Ralph Sanchez is finishing Merrick’s dream
South Florida Real Deal Magazine – by Becky Bergman
An early suburb of Miami started by a visionary developer, George Merrick, is finally shaping up as a new dreamer remakes a large swath of land in downtown Coral Gables. Commercial developer Ralph Sanchez broke ground in November on Old Spanish Village, an ambitious 900,000-square-foot, mixed-use project around Ponce Circle, a few blocks south of Miracle Mile.
Sanchez is the managing partner for Ponce Circle Developers and the man behind the Miami Grand Prix and the $100 million Homestead Motorsports Complex. He promises the $500 million project will reflect George Merrick’s vision of “Castles in Spain” for the city he founded in the 1920s.
Over the past decade, Sanchez assembled the 7.2 acres of land, as well as demolished several mid-rise buildings and 10 one- and two-story homes, all to make room for three Spanish-style structures. At the heart of the development is the $1.7 million renovated, three-story Art Center building at 2901 Ponce de Leon Boulevard. Built in 1926, it serves as a crossroads between the past and future: The gallery highlights Merrick’s era, while the sales office emphasizes the future.
“People know and trust Ralph Sanchez,” said Coral Gables Mayor Don Slesnick. “He’s a man of his word and when he says he can accomplish something, people believe him.”
Sanchez has developed a few noteworthy projects in downtown Coral Gables, including 232 Andalusia, a mixed-use condo-office project, and Douglas Grand, a 350,000-square-foot project. “Coral Gables is a healthy city with a lot of building going on right now,” said Slesnick. “But I have to tell you that we’re cautious about big projects like Old Spanish Village. I think if it had been anyone else but Ralph Sanchez, it might not have had the same kind of approval.”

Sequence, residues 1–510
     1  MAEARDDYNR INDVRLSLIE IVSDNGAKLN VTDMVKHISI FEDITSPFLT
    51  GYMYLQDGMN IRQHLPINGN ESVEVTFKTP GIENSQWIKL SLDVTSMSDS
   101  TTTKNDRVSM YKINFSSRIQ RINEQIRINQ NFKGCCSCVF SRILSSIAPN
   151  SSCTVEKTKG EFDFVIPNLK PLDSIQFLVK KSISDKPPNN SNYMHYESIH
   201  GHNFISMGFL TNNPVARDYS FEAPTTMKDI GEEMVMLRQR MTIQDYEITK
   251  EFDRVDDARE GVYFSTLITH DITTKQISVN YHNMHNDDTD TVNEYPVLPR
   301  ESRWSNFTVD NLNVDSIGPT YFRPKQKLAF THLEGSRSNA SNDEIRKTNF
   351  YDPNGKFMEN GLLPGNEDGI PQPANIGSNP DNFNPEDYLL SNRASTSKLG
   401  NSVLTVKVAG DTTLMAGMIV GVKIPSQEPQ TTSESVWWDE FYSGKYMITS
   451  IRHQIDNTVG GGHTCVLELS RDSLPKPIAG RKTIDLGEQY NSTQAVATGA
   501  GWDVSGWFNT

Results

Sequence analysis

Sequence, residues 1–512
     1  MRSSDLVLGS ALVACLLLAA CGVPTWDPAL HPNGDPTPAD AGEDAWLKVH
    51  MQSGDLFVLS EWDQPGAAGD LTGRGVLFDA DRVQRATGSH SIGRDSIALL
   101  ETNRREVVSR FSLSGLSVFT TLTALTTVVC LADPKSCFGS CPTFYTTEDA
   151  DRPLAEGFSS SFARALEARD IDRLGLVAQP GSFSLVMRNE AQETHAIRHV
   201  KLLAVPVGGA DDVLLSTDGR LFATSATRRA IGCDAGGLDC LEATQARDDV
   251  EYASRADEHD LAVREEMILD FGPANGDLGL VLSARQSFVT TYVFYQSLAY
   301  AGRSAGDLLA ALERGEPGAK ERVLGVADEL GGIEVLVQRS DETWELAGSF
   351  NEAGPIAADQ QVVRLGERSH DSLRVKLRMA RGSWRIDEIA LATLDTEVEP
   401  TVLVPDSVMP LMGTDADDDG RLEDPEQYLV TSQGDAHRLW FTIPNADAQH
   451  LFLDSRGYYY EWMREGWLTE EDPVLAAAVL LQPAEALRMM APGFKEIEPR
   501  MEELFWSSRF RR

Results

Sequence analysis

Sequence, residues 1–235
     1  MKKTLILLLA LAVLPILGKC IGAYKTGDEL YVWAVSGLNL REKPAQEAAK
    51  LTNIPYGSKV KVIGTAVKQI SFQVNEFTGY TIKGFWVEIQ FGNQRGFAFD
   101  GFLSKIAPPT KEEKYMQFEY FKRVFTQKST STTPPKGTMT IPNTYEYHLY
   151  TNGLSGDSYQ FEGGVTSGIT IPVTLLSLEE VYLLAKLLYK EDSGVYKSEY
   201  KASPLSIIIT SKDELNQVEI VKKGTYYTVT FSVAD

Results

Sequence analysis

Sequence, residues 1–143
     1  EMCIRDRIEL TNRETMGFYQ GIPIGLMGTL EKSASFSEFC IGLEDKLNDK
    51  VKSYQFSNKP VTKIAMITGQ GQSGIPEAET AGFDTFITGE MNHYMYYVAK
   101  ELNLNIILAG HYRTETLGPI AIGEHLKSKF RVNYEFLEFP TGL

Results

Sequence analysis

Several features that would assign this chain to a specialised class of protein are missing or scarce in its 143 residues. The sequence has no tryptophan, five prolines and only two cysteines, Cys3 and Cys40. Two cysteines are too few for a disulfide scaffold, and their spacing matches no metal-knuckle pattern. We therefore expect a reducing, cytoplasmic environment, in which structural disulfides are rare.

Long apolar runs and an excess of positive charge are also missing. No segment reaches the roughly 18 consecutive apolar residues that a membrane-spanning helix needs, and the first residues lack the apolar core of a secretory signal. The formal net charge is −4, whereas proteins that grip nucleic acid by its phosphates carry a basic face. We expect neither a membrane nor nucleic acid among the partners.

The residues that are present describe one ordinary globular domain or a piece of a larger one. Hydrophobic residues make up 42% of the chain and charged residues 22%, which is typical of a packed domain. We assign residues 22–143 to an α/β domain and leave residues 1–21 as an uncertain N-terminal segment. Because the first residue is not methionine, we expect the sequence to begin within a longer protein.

Sanchez is pumping $128 million into Phase I of Old Spanish Village, which includes Casa Palermo’s 38 three-story villas with rooftop terraces, private elevator access and two-car garages, priced from $450,000 to $1.1 million. Las Porres includes 50 luxury units in two residential towers with private elevator access, ranging from $1.2 million to $4 million. Other projects in the pipeline include Ponce Circle Developers’ sale of a 42,730-square-foot, mixed-use tower at 2801 Ponce de Leon Boulevard to the Allen Morris Co. for $24 million.
The new owners will demolish the 13-story building to make room for a 15-story mixed-use office tower that will include 215,000 square feet and resemble a 15th century cathedral in Barcelona, Spain. It will have imported marble, granite, brass, woodwork, stained glass, fountains and artwork from around the world. Sanchez said the development will be completed by 2010 and include at least 40,000 square feet of ground-floor retail.
Sanchez expects the entire downtown mixed-use development, designed by University of Miami architecture professor Jorge Hernandez, to draw residents ranging from up-and-coming graduates to retiring baby boomers.
“The city was looking for smart growth projects that showed signs of economic success when Ralph brought the idea to us,” said Slesnick. “His project complements how we’re trying to develop our downtown core.”
When Sanchez was ready to draw up plans for the property around Ponce Circle in 2005, the developer started digging through old newspaper archives, photos and public documents to learn more. He also hired noted historian and local author, Arva Moore Parks, to help sort through the past. Awestruck by Merrick’s achievements, Sanchez encouraged Parks to publish a book on the developer’s life.